Conquest: The English Kingdom of France 1417-1450 by Juliet Barker is the follow up to her book Agincourt: Henry V and the Battle That Made England. After reading Agincourt, I was interested in finding out what happened afterward and found that Barker wrote Conquest, which fills that bill. She picks up where she left off in Agincourt and tells the story Henry V’s attempt to create an “English Kingdom in France” that he believed was rightly his and of the end of The Hundred Years’ War.
Conquest is broken up into five sections that with the exception of Part Two divides the end of The Hundred Years’ War into relevant sections. The first, Establishing the Kingdom, covers the invasion of and conquest of France, the death of Henry V, the birth of Henry VI, and his inheritance of the English Kingdom in France. In the second part, Barker spends a lot of time telling the story of Jehanne D’Arc (Joan of Arc)’s rise, campaigns, capture, trial, and execution. Part Three deals with “The War of Attrition” and tells the story of how fortunes changed and the French began to gain the upper hand. In Part Four, “The Search for Peace,” the road to the end of the English Kingdom in France is explored before that end is described in Part Five “The Truce of Tours.”
What I learned in my reading is that the English lost their Kingdom in France in much the same way the French lost the Battle of Agincourt. First of all, Henry V simply bit off more than England could chew. Ultimately they didn’t have the resources to win and hold the Kingdom. One wonders had Henry lived would he have realized this and decided to back off? Regardless, Henry V died and over time, for a variety of reasons, the quality of leadership both at home and in the English Kingdom in France deteriorated as the quality of the French leadership improved. By the end, the shoe was on the other foot. England had lost their advantage in leadership, in unity of command, and ran out of resources to prosecute the win whereas the French learned from their mistakes, unified, husbanded their resources, and overran the English.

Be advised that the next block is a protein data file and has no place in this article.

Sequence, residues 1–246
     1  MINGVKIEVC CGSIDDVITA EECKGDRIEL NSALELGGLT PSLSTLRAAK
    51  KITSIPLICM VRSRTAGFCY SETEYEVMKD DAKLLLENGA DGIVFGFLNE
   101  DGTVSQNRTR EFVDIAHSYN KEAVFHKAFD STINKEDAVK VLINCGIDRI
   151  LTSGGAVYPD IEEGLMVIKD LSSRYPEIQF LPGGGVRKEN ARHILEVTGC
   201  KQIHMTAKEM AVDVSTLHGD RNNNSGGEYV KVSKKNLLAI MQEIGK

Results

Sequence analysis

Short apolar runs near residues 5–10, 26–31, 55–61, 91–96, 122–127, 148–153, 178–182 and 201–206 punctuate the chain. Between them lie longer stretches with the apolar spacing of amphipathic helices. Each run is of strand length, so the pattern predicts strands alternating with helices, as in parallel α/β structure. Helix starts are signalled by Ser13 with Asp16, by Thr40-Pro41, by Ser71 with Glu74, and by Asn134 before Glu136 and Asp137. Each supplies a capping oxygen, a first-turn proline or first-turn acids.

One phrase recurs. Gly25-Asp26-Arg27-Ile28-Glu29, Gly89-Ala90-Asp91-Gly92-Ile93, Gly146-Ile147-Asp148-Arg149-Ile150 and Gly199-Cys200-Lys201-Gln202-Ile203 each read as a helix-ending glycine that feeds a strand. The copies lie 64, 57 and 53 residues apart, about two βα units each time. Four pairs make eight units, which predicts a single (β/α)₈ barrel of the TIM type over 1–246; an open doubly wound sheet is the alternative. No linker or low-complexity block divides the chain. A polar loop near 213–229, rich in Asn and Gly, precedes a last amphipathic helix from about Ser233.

I thoroughly enjoyed reading Conquest. A long book that covers over 30 years of conflict could easily become tedious, but Barker avoids that trap. This a very interesting and engaging read. Even though you know the English ultimately lose Barker keeps it interesting developing personalities and describing the rivalries that drove the war. I particularly enjoyed her development of the Duke of Bedford and how she told the story of the role the Burgundians played between the English and French. My only problem with Conquest, as it was with Agincourt, is the lack of maps. When you’re dealing with the capture of towns and how the capture or fall of those towns influenced what happened in other towns and cities, maps make it a lot easier to visualize and understand how it happened. For some reason, some authors and/or printers (I’m not sure who made the decisions in this case) just don’t understand the importance of maps to military histories. The Kindle version did not have those maps, and because that’s the version I read it gets four stars. If the print version has maps then I would give the print version five stars. Otherwise, this a terrific book and one that, if you’re interested in learning more about the end of The Hundred Years’ War, you should add to your reading list.